Cognitive bias and human factors
Invited Speaker: Dr Kaye Ballantyne (Vic Police; UTAS; NIFS)
Kaye Ballantyne is the Senior Research & Development Officer within the Office of the Chief Forensic Scientist at Victoria Police Forensic Services Department, an adjunct Senior Researcher in the College of Arts and Law at the University of Tasmania, and is currently on secondment to the Australia New Zealand National Institute of Sciences as a Senior Project Officer. Her research interests include cognitive forensics, validity and risk in forensic science, the development and maintenance of expertise, and evidence interpretation and communication.
Presentation: Cognitive bias and human factors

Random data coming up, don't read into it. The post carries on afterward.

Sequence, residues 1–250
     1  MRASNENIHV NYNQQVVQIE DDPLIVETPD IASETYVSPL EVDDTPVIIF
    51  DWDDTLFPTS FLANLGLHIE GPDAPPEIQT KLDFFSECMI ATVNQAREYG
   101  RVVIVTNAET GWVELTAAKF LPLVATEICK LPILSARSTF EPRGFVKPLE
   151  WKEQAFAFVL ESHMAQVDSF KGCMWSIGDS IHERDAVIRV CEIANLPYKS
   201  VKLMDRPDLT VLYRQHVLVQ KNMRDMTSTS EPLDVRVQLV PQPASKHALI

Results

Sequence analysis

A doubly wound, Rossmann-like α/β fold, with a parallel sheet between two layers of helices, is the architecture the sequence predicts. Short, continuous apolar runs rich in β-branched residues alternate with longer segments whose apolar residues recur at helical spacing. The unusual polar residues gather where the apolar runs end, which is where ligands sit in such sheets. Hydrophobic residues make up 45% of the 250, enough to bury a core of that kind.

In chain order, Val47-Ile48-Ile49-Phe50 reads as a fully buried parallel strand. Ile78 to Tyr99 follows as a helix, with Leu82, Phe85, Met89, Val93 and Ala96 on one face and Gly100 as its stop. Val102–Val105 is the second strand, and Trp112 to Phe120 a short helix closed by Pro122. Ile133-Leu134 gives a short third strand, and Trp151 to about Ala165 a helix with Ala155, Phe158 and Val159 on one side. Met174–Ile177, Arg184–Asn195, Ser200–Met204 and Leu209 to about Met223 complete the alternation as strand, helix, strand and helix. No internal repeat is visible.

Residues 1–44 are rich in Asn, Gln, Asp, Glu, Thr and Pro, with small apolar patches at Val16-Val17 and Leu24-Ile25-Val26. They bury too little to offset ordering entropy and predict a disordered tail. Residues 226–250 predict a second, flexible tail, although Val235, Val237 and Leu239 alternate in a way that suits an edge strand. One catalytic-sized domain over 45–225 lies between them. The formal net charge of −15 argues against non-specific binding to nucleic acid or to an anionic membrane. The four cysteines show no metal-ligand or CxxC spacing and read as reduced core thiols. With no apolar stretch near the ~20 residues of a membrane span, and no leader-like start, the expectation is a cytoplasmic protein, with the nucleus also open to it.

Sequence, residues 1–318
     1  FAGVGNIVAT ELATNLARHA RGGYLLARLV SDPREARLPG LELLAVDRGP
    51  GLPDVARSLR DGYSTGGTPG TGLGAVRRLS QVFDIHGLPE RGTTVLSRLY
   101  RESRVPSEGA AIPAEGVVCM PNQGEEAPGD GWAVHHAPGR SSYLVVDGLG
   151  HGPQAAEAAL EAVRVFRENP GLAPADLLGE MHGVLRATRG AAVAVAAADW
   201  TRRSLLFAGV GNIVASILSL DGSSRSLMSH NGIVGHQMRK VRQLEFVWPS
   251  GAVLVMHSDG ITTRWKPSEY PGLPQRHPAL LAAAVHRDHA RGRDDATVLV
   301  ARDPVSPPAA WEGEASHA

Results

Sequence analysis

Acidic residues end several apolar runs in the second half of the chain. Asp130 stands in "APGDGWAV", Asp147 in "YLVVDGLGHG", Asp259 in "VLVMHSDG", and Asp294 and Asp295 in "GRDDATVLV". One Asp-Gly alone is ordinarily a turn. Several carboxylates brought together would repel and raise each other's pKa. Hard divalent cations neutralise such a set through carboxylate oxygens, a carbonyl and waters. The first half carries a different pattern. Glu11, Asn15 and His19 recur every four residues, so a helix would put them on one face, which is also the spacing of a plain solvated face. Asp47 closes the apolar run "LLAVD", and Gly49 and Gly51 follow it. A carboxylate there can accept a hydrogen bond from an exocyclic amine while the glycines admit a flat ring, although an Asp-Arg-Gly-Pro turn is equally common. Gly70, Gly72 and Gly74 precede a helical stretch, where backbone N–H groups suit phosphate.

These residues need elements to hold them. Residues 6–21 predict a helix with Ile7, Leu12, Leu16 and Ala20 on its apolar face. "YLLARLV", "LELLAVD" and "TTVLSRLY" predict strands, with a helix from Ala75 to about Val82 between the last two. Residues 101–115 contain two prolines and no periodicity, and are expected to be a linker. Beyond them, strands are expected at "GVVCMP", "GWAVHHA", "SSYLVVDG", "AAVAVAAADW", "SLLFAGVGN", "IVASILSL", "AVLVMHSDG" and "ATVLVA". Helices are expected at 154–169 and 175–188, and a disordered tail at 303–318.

Although the impact of human factors is increasingly being realised in forensic science, changes in practice are occurring relatively slowly, and are largely focused on protective measures against varying forms of cognitive bias. However, human factors impact in a wide variety of ways across different disciplines, methods and practitioners. Within Australia and New Zealand, human factor issues are being explored in relation to fundamental validity questions, methods of practitioner training and certification, cognitive bias and blinding, fatigue and stress, peer review, reporting methods and the maintenance of expertise. Appropriate attention to and research of how, why and when experts make decisions can assist with increasing the value and effectiveness of forensic science, while minimising the risk of error, miscommunication and inefficient processes.